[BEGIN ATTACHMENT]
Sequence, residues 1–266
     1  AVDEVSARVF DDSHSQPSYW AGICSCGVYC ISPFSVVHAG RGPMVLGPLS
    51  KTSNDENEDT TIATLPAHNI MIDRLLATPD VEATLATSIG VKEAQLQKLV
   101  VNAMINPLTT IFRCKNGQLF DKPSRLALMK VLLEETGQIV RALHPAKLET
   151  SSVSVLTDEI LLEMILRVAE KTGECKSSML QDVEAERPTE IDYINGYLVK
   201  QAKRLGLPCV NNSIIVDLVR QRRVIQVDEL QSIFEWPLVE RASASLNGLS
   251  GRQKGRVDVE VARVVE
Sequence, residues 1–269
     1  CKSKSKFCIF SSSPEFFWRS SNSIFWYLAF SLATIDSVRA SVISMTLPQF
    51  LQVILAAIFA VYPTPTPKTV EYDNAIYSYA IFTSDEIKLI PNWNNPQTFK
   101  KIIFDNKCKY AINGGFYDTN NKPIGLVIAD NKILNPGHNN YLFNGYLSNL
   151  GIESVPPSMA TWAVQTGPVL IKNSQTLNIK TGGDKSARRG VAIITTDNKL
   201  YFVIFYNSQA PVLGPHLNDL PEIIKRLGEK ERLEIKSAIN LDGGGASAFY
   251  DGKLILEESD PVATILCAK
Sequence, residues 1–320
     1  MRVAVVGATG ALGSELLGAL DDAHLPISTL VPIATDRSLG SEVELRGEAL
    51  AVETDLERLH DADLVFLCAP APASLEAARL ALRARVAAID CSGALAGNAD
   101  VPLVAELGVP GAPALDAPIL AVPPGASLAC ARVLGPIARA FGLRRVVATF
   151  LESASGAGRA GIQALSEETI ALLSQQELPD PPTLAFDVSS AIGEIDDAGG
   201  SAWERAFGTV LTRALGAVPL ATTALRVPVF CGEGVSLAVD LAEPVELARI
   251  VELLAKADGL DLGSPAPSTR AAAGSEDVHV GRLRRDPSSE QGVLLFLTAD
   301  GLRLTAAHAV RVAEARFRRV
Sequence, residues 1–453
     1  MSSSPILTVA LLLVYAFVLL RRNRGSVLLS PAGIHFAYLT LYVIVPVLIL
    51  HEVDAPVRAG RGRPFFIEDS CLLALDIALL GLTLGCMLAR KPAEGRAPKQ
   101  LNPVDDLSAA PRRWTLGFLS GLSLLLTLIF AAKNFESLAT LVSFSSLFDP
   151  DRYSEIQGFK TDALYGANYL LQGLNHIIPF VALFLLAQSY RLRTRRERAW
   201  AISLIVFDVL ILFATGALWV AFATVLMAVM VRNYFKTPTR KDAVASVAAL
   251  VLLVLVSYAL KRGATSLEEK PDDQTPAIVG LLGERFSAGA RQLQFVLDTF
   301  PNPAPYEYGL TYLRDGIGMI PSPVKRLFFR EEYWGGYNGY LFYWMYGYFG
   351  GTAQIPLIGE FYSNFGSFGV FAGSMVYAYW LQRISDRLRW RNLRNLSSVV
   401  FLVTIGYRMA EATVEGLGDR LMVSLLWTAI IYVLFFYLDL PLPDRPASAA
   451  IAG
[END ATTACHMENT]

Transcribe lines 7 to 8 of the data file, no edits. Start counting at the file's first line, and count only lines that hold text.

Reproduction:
   251  GRQKGRVDVE VARVVE
Sequence, residues 1–269